Was reading Luke 15 this morning, which I'm sure this title indicates to you. This story is so common, and, especially as Christians, we tend to flip through it because it's so, well, as I said, common. I've been trying to slow down and process it each time I've read it during the "Luke" project the Lord laid on me in January. [Actually, this is my last phase. Will have read ten translations, once each, and the Amplified version five times, intermixed with the others.] ANYHOW, there's one phase of the son's life that always makes me grin and today it hit even harder.
When he decided to leave for home he said that he would tell his Father, "Father, I have sinned against heaven and in your sight. I am no longer worthy to be called your son. Just make me like one of your hired servants." Then he left. And, when Father saw him coming he was moved with "pity and tenderness and compassion" for him and "embraced him and kissed him [fervently]."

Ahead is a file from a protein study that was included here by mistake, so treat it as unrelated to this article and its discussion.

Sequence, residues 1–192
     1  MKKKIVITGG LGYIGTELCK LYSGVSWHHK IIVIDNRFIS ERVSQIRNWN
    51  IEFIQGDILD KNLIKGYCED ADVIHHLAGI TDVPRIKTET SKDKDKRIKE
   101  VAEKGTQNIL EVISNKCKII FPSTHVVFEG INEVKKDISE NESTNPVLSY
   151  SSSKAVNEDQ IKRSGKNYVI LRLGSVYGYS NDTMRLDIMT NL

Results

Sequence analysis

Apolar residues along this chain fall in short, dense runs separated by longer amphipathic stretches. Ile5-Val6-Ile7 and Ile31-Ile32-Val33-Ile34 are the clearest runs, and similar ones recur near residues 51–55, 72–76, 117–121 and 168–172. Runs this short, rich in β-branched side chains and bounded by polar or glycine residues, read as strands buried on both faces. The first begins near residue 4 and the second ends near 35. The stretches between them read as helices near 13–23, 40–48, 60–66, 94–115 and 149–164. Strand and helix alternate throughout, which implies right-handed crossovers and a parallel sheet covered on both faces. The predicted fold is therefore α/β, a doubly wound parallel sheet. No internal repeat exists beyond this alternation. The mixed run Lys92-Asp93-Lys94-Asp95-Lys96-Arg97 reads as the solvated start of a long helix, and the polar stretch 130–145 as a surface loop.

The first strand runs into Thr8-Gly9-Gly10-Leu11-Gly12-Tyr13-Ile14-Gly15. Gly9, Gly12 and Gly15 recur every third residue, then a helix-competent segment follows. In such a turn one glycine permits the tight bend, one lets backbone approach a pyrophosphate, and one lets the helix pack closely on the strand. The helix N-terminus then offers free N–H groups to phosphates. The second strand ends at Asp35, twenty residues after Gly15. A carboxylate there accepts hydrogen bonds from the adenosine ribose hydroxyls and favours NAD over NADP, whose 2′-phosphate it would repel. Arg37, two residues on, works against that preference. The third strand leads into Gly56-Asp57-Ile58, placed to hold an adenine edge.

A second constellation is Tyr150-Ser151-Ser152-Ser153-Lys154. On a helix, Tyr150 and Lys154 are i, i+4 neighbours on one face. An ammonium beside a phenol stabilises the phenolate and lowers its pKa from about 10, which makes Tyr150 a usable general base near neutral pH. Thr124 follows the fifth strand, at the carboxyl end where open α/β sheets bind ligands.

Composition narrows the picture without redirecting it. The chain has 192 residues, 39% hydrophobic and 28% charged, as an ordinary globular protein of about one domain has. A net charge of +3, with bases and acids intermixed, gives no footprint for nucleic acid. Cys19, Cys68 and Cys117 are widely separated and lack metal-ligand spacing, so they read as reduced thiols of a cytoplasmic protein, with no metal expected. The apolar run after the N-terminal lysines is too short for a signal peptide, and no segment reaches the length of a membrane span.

And the son said, "Father, I have sinned against heaven and in your sight; I am no longer worthy to be called your son [I no longer deserve to be recognized as a son of yours]!"
SO.... How many of us, after sinning against someone and heading towards that person with the desire to restore our relationship to even the tiniest, faintest level, and, then, having them run to us, throw their arms around us, and hold us and love us -- before we even have a chance to open our mouths-- would follow through with the original intent? Some would, of course. Some, however, might simply have the thought of "Whew, I don't have to say what I planned. We're OK now." In my case, that's real food for thought.
The next portion always makes me grin. Father says to the servants, "Bring the robe of honor, and give him a ring and sandals...."
The son has been poverty-stricken, starving to death, working with pigs ... would be dirty, stinky, scruffy, ragged. Yet, Dad says... go get the best stuff and give it to him. He does not say ... "Get him a bath, shave, haircut, and brush his teeth!"
His Father received him and accepted him exactly the way he was when he returned home. That's really good to remember, both as parents with "prodigal sons" and as people who simply ain't perfect and turn off the path our Lord has laid before us. With this example, it encourages us to quickly and lovingly accept our "prodigals" back. It also helps us know that when we "prodigalize" for a time, and we return to Him, we will be received with warmth and love into the arms of our Father.
Ain't nothin' better than that.